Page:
Bruce Campbell on the Tragedy of Ash vs Evil Dead: Were Not Star Wars

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All he ever wanted was a trip to Jacksonville—until evil came along and ruined his life. Star Bruce Campbell reflects on Season One and his doomed, ’Shakespearean’ hero.

Ash is saving a lot of people, but hes also got a lot of people killed too.

When the gleefully gory first season of Starz horror comedy Ash vs Evil Dead wraps up Saturday, its bumbling hero will have doomed the world to hell for a chance to visit the vacation spot of his dreams: Jacksonville, Florida.

And to hear showrunner Craig DiGregorio tell it, Bruce Campbell will have barely survived the ordeal.

We definitely, like, choked Bruce on liquid. He got waterboarded, but with blood, DiGregorio recalls. Then there was another instance where he kind of went blind for a while because its so viscous and sticky. It got in his eyes and he couldnt get it out.

Campbell sums up 10 episodes worth of guns, guts, and Deadite dismemberments with Ash-approved simplicity: People wanted blood, man, and they got it. 

For more than two decades, of course, what the people really wanted was more Ash. More buffoonery, more of his undeniable heroism, more smirking, brash badassery. And, man, they got it.

Twenty-three years after Army of Darkness, the last in Sam Raimis beloved Evil Dead trilogy, Ash vs Evil Dead brought Campbell back to his most iconic role, picking up with the chainsaw-handed hero well into middle age. The man who saved the world, we learn, has spent his peaceful days in blissful mediocrity, living in trailer parks, picking up women, guzzling beer, and working at a local electronics store. 

The fan-proclaimed king of postmodern cool might have petered out the rest of his life in weed smoke-filled squalor had he not accidentally unleashed evil into the world (again) by reading from the Necronomicon Ex-Mortis, the Book of the Dead, while high and trying to impress a girl.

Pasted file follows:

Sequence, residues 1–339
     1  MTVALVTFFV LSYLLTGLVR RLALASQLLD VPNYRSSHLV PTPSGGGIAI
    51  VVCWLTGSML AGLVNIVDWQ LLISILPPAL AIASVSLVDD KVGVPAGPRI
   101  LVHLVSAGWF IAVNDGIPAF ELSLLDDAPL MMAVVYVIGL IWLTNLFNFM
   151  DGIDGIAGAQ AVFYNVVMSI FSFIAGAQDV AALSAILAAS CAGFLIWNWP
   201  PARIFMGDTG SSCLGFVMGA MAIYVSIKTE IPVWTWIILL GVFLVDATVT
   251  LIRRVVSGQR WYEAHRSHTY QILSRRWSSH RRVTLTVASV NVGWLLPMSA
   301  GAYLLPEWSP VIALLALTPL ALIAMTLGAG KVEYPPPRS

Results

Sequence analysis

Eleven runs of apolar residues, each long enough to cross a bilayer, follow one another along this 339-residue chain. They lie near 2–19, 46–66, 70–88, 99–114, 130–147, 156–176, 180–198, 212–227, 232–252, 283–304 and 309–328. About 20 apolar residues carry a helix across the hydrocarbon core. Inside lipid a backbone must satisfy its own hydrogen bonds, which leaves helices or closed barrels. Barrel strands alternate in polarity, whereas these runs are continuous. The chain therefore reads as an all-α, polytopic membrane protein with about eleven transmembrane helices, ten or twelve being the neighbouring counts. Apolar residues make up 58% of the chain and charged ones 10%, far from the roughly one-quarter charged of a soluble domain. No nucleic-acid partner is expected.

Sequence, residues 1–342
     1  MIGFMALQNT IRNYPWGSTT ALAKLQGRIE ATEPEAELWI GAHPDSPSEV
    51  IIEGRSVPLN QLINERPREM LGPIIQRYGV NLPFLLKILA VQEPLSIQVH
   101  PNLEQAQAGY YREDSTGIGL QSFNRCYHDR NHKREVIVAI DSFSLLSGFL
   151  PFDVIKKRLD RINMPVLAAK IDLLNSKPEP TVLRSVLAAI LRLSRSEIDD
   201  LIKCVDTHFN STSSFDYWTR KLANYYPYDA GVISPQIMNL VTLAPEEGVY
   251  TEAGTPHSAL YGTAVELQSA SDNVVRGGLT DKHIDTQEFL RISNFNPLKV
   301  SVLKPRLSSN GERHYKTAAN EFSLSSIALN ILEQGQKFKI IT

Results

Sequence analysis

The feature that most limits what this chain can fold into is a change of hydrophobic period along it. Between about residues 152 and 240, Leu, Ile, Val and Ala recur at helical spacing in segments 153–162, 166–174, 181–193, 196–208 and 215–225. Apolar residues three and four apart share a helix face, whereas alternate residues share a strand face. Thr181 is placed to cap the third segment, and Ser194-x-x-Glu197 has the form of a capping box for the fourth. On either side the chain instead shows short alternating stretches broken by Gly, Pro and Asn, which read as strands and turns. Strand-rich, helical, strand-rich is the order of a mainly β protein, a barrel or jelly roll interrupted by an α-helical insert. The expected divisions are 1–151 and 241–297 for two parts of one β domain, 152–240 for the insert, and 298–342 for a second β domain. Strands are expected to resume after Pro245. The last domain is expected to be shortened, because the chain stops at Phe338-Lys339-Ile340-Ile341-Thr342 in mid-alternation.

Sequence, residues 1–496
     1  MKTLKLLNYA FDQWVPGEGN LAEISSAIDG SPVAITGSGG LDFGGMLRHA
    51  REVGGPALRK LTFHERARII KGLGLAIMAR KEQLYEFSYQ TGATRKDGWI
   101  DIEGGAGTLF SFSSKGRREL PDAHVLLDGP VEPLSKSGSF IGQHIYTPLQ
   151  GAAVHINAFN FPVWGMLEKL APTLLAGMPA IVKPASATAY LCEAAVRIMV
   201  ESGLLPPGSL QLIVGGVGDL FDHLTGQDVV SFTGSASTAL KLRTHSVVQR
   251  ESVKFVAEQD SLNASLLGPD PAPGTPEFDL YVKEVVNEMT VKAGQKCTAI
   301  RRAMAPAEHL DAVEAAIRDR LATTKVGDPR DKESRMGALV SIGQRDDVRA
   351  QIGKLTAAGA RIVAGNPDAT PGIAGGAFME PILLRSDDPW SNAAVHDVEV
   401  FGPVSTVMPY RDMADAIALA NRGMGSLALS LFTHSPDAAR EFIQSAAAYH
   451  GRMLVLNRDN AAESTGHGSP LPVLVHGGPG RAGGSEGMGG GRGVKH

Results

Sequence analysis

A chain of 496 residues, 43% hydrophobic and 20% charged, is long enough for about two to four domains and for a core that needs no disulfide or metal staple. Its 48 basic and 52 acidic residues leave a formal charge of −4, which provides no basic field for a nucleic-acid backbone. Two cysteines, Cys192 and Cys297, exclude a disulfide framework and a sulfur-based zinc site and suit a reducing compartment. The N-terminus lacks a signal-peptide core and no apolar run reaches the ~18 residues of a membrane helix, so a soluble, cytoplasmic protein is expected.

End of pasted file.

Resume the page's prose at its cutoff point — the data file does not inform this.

Ten episodes and untold barrels of blood later, not much about Ash has changed. He falls in sort-of-love with a cop, but the romance comes to an abrupt, bloody end. He becomes vaguely attached to his two sidekicks, Pablo (Ray Santiago) and Kelly (Dana DeLorenzo), but their arcs end with them aghast at their friend, who just willingly traded the fate of the world for a chance to skip town with them in his Delta 88. 

Ash may be too foolish to ever grow up, but for DiGregorio and many of Ashs fans, thats part of his appeal.

The finale episodes, to me, show that this guy has grown maybe 2 percent, which is all you can hope for in a character like this, DiGregorio says. You dont want huge character shifts. It would feel disingenuous if he left the season having learned everything. 

This is all to say that Ashs life, on paper, is desperately sad.

Hes a very tragic figure. Hes Shakespearean! Campbell says. Hes a little Joseph Campbell, too. Hes on a heros journey, a bumpy road.

Campbell, whos known for assuming a kind of hybrid persona when talking Evil Deadhalf-Bruce, half-Ashstarts channeling Ashs half-baked wisdom: Cause if youre a lazy bastard, you dont have to go the hero route. You can just sit in your trailer, drink beer, and watch softcore porn and your life is over, he says, authoritatively. But if youre the hero, you gotta step out and make decisions, and some of them are gonna be really bad. People are gonna croak. Ash is saving a lot of people, but hes also got a lot of people killed, too.